Along the way, this blog became an outlet for my rants and raves. One thing led to another, and well, after one year, here I am - a little bruised but generally wiser - but still trying to get used to the "attention."

The last 12 months have been truly exciting for me. Sure, it was also exasperating and frustrating at times, but overall, I would say it was a good year for me as a blogger. I realize that not many bloggers get noticed at such a short time (yes, I repeat - I have only been blogging for a year) and many of them certainly deserve i…

Prosecutong the prosecutors

The following appears as an op-ed column at the Manila Standard Today. I was in a real hurry to get this column to press, I sent the wrong file, the one with a missing paragraph. The missing paragraph is: "To begin with, the career path of government workers are now limited as rooms at the top have been appropriated as political largasse by powers-that-be. It does not help of course that the chief executive seems bent on turning the whole government bureaucracy as her personal kingdom. "

Given the way things are in our country today, one who has talent has to be desperate, clueless, or a total masochist to consider a career in government. The aggravations that government employees have to contend with every day are simply enormous it appears being a government employee will soon be enough qualification for sainthood. It is not surprising that a government career is not anymore something that any bright young graduate aspires for.

The economic deprivation, I think, is bea…

Trial by legislation

The following is my column today at the op-ed section of the Manila Standard Today. Unforgivable mistake: I do not know how I got the names mixed up. But it happened and I apologize profusely. The name of the blog reader that I quoted in this piece is Domingo T. Arong, not Rayon. My apologies to Mr. Arong. So sorry. I have made the necessary changes in this post. I will do an erratum in my column on Monday.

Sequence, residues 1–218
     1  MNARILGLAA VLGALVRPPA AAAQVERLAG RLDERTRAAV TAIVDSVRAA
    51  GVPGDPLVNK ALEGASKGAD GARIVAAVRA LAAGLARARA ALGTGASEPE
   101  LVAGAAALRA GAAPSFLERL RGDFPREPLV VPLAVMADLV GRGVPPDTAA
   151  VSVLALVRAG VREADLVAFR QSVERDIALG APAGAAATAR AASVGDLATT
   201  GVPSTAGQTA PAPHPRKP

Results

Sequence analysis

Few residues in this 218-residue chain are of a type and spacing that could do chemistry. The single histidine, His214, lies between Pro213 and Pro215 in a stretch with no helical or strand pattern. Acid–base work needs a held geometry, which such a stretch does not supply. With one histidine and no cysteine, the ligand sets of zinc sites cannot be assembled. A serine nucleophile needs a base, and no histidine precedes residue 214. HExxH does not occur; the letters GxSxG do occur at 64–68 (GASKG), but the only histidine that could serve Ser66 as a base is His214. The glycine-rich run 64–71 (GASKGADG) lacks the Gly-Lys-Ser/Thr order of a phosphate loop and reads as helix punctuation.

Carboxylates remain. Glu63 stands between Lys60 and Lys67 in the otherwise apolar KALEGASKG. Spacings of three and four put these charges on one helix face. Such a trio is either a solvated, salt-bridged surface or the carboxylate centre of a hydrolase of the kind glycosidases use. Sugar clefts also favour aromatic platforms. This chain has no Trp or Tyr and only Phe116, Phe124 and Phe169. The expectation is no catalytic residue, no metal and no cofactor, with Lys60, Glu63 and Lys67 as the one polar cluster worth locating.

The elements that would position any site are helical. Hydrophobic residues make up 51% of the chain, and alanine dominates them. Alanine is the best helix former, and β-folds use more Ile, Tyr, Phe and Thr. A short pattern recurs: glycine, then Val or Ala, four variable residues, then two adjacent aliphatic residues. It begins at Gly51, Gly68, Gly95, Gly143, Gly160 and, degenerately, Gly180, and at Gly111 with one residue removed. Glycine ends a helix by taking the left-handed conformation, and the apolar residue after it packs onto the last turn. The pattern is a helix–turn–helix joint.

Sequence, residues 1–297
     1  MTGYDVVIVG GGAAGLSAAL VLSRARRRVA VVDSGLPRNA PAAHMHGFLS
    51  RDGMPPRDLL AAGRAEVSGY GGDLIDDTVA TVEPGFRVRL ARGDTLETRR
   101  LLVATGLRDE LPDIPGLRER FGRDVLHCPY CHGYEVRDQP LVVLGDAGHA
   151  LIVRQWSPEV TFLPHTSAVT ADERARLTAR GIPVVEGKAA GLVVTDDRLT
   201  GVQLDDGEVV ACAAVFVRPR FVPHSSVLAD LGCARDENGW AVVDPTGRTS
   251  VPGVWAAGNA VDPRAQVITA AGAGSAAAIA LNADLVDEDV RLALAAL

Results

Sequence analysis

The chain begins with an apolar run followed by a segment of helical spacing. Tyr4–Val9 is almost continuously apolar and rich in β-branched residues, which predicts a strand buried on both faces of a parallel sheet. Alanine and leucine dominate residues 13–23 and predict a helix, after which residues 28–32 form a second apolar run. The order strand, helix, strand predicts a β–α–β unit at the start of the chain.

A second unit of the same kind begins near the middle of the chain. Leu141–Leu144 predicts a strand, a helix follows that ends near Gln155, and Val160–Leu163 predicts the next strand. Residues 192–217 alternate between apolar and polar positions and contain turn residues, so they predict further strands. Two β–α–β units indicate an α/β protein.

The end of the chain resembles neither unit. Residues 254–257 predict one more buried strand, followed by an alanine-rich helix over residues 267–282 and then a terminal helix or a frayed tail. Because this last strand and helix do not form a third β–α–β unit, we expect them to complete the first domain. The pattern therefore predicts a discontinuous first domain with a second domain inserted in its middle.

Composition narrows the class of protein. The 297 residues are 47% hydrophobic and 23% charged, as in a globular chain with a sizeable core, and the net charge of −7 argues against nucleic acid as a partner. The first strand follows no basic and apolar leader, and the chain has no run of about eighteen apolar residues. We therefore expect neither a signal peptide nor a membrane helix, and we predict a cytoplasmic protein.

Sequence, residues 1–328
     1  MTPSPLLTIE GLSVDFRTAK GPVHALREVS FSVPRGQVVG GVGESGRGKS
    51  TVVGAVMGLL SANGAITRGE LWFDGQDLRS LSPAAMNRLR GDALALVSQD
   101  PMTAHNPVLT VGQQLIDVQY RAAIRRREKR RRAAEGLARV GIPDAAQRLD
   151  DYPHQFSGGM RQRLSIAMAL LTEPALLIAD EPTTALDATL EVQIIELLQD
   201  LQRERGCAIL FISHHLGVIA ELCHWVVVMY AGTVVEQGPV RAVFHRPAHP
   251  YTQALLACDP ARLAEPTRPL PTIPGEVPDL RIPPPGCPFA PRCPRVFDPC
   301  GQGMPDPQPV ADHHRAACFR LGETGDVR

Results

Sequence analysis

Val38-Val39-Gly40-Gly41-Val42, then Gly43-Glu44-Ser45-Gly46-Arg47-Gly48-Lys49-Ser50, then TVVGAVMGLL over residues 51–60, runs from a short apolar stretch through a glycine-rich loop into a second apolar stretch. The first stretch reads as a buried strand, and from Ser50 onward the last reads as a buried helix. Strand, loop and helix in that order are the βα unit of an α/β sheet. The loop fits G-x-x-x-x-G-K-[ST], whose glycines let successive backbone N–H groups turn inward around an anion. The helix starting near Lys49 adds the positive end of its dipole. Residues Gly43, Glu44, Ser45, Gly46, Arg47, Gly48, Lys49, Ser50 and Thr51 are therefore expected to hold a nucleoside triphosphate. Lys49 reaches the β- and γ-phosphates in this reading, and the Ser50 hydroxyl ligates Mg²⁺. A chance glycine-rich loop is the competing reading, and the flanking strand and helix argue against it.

It is very ironic that for an institution that is under siege and desperately trying to earn points in the bar of public opinion, the Senate just shot itself in the foot last week with the way it conducted its hearing on the alleged “anomalous losses” of the Philippine Communications Satellite Corp. and the Philcomsat Holdings Corp. It was a classic lesson on how not to conduct public hearings. Put more bluntly, it was an arrant and brazen display of power.

It was very disconcerting to watch supposed paragons of virtue publicly humiliating a public official who was, in the fir…

Mixed Results

There is truly no accounting for taste. People make choices based on their heart's desires - and who can fathom the innermost workings of the heart?

The last four singers to get into the magic 12 was a mixed bag:

Stef and Ken were not among the best performers last Saturday. Ken delivered a very tortured rendition of that classic Dionne Warwick song "A House In Not A Home." It turns out he was very sick but he went on with the show. I guess he got in through a sympathy vote.

But the two others, Gian and Mau, were the two top performers last Saturday. So their selection was proof that Filipinos know talent when they see it.

It helped also that finally, the judges were helpful. Because I dissed them in this space and in my column for their earlier performance, I would like to put it on record that I was happy with the changes I saw last Saturday.